Residents of the Woolson St. neighborhood in Mattapan had much to celebrate last Saturday as they were joined by Mayor Martin Walsh and a large contingent of public officials for a ribbon-cutting for their new community garden. The project has been a collaboration between residents, the city’s Department of Neighborhood Development, the Mattapan Food and Fitness Coalition, and Boston Natural Areas Network.
According to Mirlande Joseph, one of the neighbors who spearheaded the project, the garden is more than just soil and plants.
“After my twin brother was murdered on Woolson Street in 2006, I envisioned a community garden as a way of healing,” she said. Her neighbors embraced the idea. Increasingly traumatized by violence on the street and nearby, including a brutal quadruple murder in 2010, they, too, saw a garden as a place where they could come together to heal.
There were practical reasons as well. According to Joseph, many residents of the Woolson Street neighborhood are from the West Indies. Even younger households maintain a tradition of home cooking and family meals.
“I can’t remember a time when people weren’t talking about having a community garden where they could grow fresh food for the table,” said Joseph.
On Saturday, after a breakfast of fruit, pancakes and bacon dished up by volunteers, residents strolled in the shade to admire the way the design they had created in a series of meetings in 2013 had become a reality over the summer. At the open gate, flowerbeds and two small pear trees adorned the iron fence. Seedlings graced new soil in 12 individual plots. A curving path in the shape of a fiddlehead led to a rear patio for neighborhood events.
No one remembers who first thought of the fiddlehead design, according to Reann Gibson, an activist who went door to door to recruit her neighbors for the project two years ago.
“I just know we wanted something really cool,” she said. But construction took longer than they expected. “All summer, the neighbors were asking, ‘When can we plant?’” she said. Then just as everyone began to think it was too late, the garden was ready. BNAN donated seedlings and the first crop went into the ground on August 26.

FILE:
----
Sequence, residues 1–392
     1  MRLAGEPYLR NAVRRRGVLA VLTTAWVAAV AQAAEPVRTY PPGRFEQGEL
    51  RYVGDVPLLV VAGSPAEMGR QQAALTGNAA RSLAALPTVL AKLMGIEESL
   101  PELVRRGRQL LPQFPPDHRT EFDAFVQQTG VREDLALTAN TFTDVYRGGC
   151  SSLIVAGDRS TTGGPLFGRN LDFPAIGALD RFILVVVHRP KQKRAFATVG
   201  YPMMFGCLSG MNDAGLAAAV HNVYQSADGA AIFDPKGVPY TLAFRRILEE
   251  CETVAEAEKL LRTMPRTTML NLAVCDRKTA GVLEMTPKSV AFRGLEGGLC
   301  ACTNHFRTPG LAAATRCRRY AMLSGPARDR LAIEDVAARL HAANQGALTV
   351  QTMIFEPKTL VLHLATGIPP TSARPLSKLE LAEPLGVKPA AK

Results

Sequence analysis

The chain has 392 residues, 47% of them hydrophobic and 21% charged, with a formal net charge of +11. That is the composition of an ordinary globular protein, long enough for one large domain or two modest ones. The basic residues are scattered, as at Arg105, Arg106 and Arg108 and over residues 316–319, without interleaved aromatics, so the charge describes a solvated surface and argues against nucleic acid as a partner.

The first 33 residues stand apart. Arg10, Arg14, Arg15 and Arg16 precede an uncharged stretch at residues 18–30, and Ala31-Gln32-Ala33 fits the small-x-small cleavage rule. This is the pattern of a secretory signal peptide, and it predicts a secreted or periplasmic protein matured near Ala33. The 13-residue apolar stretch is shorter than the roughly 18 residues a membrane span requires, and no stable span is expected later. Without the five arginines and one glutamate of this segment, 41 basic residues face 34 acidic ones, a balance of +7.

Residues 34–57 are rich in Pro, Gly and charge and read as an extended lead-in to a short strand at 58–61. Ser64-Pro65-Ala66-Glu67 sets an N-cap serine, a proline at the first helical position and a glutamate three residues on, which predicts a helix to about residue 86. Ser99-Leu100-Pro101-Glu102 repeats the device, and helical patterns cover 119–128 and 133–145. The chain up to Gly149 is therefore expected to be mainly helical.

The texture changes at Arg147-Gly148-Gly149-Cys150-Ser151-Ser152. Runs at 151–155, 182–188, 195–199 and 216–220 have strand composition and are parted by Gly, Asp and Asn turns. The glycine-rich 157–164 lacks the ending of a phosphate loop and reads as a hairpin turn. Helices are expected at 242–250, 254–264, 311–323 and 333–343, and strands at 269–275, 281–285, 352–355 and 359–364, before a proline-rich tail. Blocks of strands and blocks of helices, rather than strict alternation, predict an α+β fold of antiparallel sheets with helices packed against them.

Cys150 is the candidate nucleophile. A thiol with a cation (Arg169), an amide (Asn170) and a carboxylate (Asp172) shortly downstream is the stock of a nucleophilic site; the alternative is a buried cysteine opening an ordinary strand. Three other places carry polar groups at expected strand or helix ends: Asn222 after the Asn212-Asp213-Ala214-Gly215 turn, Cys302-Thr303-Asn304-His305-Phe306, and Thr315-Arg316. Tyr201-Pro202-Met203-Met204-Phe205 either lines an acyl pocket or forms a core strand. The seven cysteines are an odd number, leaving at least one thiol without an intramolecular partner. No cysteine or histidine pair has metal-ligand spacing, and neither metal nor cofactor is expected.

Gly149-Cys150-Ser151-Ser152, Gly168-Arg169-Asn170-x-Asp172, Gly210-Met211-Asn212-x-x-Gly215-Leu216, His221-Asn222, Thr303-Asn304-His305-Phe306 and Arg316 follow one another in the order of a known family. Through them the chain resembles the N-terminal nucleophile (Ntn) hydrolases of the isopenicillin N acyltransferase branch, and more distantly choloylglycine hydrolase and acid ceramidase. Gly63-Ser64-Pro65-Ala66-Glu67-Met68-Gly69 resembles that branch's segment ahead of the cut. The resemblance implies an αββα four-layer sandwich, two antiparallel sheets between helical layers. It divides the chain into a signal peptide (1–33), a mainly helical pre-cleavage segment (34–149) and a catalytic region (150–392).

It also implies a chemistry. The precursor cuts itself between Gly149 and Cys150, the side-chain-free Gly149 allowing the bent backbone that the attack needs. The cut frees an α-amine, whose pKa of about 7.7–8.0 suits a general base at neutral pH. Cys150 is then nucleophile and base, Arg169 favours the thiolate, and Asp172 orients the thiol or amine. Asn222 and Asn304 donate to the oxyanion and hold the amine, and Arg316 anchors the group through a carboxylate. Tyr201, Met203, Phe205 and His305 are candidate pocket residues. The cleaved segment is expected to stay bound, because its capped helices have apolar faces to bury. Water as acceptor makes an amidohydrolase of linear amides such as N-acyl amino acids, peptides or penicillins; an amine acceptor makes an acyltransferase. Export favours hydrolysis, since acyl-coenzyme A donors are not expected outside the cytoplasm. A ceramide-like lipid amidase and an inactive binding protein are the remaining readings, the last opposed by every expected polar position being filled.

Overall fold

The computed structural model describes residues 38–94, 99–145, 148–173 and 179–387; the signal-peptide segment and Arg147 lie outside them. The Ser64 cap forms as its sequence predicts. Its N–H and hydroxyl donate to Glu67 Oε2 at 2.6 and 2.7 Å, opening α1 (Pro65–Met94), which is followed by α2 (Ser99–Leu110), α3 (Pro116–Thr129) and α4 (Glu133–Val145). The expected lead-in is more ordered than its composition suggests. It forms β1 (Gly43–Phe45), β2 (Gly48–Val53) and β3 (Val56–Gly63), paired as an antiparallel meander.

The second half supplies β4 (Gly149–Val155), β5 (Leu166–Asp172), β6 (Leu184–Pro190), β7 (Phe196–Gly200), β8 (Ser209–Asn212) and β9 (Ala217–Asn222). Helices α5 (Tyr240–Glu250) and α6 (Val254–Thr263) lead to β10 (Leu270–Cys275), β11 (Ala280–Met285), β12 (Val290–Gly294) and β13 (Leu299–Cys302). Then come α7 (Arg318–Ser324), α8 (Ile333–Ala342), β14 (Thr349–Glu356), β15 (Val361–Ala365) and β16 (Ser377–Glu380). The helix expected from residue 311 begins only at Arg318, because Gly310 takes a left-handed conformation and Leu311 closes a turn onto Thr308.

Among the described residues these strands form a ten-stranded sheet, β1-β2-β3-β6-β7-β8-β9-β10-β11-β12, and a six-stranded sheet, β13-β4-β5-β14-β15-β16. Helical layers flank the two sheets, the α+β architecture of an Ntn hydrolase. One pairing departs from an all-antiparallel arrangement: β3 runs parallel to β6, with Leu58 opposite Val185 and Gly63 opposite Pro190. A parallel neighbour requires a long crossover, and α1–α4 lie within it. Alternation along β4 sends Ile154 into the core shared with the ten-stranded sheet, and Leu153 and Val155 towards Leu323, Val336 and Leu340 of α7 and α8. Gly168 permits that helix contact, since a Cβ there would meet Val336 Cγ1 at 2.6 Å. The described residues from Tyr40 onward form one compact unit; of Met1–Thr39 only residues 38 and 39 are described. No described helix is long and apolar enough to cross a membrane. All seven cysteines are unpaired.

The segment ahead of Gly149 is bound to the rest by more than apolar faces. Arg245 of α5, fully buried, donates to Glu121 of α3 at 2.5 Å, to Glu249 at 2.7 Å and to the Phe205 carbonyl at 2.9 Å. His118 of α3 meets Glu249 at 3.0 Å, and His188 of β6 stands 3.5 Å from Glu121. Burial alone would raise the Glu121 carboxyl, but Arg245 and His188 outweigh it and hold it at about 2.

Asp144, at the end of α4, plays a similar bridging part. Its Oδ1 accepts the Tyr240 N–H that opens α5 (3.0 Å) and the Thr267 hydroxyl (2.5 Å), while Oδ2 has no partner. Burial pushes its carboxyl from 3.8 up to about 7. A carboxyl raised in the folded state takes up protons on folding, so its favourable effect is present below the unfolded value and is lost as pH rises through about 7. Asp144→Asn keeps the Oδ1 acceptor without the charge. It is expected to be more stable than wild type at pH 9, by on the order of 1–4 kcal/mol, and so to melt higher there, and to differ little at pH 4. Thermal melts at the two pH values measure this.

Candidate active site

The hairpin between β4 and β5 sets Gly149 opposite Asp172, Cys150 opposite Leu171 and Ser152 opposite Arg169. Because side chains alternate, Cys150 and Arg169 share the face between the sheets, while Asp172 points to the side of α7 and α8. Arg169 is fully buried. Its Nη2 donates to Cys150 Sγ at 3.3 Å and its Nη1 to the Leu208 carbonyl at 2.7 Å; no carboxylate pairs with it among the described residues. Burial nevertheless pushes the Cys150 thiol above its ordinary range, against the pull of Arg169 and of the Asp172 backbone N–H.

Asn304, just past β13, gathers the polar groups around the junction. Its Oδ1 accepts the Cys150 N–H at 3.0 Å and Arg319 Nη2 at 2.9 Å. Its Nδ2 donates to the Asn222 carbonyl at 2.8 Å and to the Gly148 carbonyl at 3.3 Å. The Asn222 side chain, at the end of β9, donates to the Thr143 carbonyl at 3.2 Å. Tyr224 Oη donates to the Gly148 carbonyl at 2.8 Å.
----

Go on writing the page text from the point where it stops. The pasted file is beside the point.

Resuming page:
According to Dana Staley, garden outreach and engagement coordinator for BNAN, many vegetables can be grown into the fall. Cabbage and bok choy do well and beans germinate quickly. To provide more ideas, BNAN will conduct a workshop on late-fall gardening at Woolson Street on September 20.
Gardener Huguins Pierre said he planted seedlings as soon as they arrived. He now tends several rows of lettuce that promise to produce a salad in just a few weeks. Lorna John put in herbs, including oregano, thyme and rosemary. She also has a patch of spinach and some collards. She is looking forward to the workshop on late fall gardening.
“I was surprised to learn that there are ways to grow right up to the frost -– even beyond the frost,” she said.
Although BNAN supports the garden, the neighbors will manage it themselves. The first coordinators are Robyn Gibson, Reann’s sister, and Kim Blair. The Gibsons, who live on nearby Verrill Street, believe the garden will strengthen the neighborhood. Already it has helped residents discover their neighbors.
“We have amazing neighbors,” said Robyn. She also wants to learn how to grow fresh vegetables. “My husband and I cook every night,” she said.
Kim Blair has put all the neighbors on email to make sure they are informed about important dates in the garden. She has tried to involve as many members of each generation as she can. Gardening is a natural way to connect kids and seniors.
“The garden is all about family,” said Blair.
Before the ribbon-cutting ceremony, Mayor Walsh thanked residents for leading the way. “This is how we heal from trauma in Boston and how we move forward,” he said.
Indicating the many members of law enforcement, the City Council and Massachusetts Legislature grouped around him, Walsh spoke of the collaboration needed to serve the city. He called the Woolson Street Community Garden an outstanding example of teamwork and collaboration. “There were no boundary fights,” he said.
“I thank all the neighbors for working on this space,” Walsh said. “You make it easy to love this city.”